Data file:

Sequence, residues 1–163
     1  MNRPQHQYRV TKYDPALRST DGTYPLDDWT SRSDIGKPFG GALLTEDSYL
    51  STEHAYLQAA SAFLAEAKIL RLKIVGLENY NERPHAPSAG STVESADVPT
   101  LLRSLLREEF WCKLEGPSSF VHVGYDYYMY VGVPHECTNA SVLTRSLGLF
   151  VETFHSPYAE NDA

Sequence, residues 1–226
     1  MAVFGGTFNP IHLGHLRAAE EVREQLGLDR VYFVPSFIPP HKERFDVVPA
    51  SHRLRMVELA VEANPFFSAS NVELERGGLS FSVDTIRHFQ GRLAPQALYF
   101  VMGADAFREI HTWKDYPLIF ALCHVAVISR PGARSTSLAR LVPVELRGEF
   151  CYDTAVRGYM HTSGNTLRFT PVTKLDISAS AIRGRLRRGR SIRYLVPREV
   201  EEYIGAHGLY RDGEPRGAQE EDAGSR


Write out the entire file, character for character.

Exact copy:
Sequence, residues 1–163
     1  MNRPQHQYRV TKYDPALRST DGTYPLDDWT SRSDIGKPFG GALLTEDSYL
    51  STEHAYLQAA SAFLAEAKIL RLKIVGLENY NERPHAPSAG STVESADVPT
   101  LLRSLLREEF WCKLEGPSSF VHVGYDYYMY VGVPHECTNA SVLTRSLGLF
   151  VETFHSPYAE NDA

Sequence, residues 1–226
     1  MAVFGGTFNP IHLGHLRAAE EVREQLGLDR VYFVPSFIPP HKERFDVVPA
    51  SHRLRMVELA VEANPFFSAS NVELERGGLS FSVDTIRHFQ GRLAPQALYF
   101  VMGADAFREI HTWKDYPLIF ALCHVAVISR PGARSTSLAR LVPVELRGEF
   151  CYDTAVRGYM HTSGNTLRFT PVTKLDISAS AIRGRLRRGR SIRYLVPREV
   201  EEYIGAHGLY RDGEPRGAQE EDAGSR